respondent was a private limited company and was directed to
be wound up by an order of the Bombay High Court, dated
October 11, 1950, and a Court Liquidator was appointed as
the Official Liquidator thereof with all powers under s. 179
of the Indian Companies Act. 1913 (VII of 1913) to be
exercised by him under s. 180 without sanction or
intervention of the Court save and except in case of sales
of immovable property belonging to the respondent. For the
assessment year 1948-49, the respondent was assessed on
December 8. 1950, the tax being assessed at Rs. 8,737/15/-.
On or about March 15. 1951, the Income Tax Officer lodged a
claim in respect of this tax with the Official Liquidator.
That claim was adjudged and allowed as an ordinary claim and
certified as such on April 2 1952. in August, 1954, the
Official Liquidator declared a dividend of 9 1/2 annas in a
rupee and paid to the Income Tax Department a sum of Rs.
5,188/3/- against the claim made by the Income Tax Officer
as an ordinary creditor. Thus a balance of Rs. 3,549/12
still remained payable to the Income Tax Department from the
assets of the respondent.
For the year 1955-56, the Department made a demand from
the respondent on June 22, 1954, for a sum of Rs. 2,565/6/-
as advance tax. This was paid by the Official Liquidator.
regular assessment being made for the said year, only Rs.
1,1 26/12/was assessed as payable by the respondent. After
adjusting this sum against the advance payment of Rs.
2,565/6/-, Rs. 1,460/1/became refundable to the respondent,
inclusive of interest. Instead refunding the said balance
to the respondent, the Income Tax Officer set off the said
amount against the balance of Rs. 3,549/12/which was still
outstanding in respect of the Income-tax demand for the year
1948-49. The respondent filed a revision petition to the
Commissioner of Income-tax, but the said petition was
rejected by the Commissioner on September 21. 1959. holding
that the action of the Income Tax Officer was perfectly
justified under the provision of s. 49E of the Income Tax
On November 25, 1959, the respondent filed a petition
under art. 226 of the Constitution and prayed for a writ,
direction or order for setting aside the orders of the
Income Tax Officer and the Income Tax Commissioner. He
further prayed for any further writ, direction or order
restraining the Department from setting off the refund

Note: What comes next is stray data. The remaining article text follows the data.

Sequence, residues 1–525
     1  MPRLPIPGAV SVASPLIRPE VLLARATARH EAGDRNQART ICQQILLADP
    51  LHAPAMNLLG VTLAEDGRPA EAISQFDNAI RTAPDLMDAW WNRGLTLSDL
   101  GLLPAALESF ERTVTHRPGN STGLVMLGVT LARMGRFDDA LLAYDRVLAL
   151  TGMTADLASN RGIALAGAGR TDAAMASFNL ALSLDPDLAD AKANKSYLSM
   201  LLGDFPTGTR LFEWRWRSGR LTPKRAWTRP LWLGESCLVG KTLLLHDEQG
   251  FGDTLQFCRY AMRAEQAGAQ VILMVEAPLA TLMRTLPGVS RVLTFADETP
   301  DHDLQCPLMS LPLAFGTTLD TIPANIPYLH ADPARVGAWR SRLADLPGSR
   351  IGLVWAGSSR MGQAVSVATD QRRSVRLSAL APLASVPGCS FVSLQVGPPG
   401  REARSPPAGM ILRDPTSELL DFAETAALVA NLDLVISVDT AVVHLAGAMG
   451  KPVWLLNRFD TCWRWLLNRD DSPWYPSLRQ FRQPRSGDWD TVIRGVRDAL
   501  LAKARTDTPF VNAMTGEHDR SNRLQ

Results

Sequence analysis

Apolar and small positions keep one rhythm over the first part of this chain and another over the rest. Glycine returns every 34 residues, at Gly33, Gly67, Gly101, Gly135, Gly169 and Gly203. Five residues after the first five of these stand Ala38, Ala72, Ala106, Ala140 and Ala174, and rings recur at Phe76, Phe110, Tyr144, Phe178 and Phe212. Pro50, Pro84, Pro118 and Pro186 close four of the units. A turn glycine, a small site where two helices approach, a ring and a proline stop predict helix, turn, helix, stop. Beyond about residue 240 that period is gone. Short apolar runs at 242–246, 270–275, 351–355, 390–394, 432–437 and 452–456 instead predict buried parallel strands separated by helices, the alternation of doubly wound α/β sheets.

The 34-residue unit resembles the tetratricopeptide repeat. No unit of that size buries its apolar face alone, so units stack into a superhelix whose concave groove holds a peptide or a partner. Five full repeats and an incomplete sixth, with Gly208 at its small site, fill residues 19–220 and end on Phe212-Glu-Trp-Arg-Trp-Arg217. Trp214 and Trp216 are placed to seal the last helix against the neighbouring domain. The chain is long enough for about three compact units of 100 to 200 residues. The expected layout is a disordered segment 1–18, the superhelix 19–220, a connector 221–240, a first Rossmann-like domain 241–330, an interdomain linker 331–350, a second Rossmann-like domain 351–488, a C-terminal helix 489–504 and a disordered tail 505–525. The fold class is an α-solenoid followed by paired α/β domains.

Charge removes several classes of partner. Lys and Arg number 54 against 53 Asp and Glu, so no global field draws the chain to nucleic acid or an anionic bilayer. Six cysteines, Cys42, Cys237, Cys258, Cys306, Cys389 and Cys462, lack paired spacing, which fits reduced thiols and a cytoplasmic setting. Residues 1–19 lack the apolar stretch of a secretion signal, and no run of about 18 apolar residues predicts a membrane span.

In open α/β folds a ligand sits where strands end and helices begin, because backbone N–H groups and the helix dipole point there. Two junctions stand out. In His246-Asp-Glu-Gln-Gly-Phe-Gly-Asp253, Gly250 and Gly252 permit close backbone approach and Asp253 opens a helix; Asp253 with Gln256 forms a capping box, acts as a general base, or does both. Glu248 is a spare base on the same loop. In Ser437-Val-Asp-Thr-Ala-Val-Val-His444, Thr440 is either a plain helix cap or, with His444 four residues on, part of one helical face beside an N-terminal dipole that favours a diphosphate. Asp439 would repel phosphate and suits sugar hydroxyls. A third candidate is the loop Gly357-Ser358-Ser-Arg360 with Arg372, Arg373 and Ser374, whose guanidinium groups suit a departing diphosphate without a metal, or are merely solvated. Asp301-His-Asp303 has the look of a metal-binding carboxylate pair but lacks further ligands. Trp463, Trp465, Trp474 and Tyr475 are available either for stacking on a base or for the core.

against the tax dues and directing them to hand over the
balance to the Official Liquidator.
The High Court held that the demand of Rs. 8.737/12/- in
respect of the assessment year 1948-49. being adjudged and
certified, came to have all the incidents and character of
an unsecured debt payable by the Official Liquidator to the
Department. The High Court observed that “this claim
thereafter was governed by the provisions of the Company law
and could be paid to the creditor only in accordance with
the provisions of the Company law. No other remedy nor any
other method of obtaining satisfaction of this claim was
available to the creditor thereafter. It was no longer the
amount of tax remaining payable by a person to whom the
refund was due within the meaning of Section 49E of the
Income Tax Act. In our opinion, therefore. the provision of
Section 49E was not available to the Department for setting
off the amount of the excess towards the balance of its
claim of Rs. 8,737/15/- which the department had proved in
the insolvency of the company and was being dealt with in
the Insolvency.” The High Court accordingly set aside the
orders passed by the Department in so far as they set off
the amount of the refund towards the tax remaining payable,
and directed the Income Tax Officer to deal with and dispose
of the claim of the present respondent for the refund and
pass appropriate orders in respect of the said amount of
refund under the provisions of s. 48 of the Income Tax Act.
The learned Additional Solicitor-General on behalf of
the appellant. contends that s, 49E gives statutory power to
the Income tax Officer. inter alia, to set off the amount to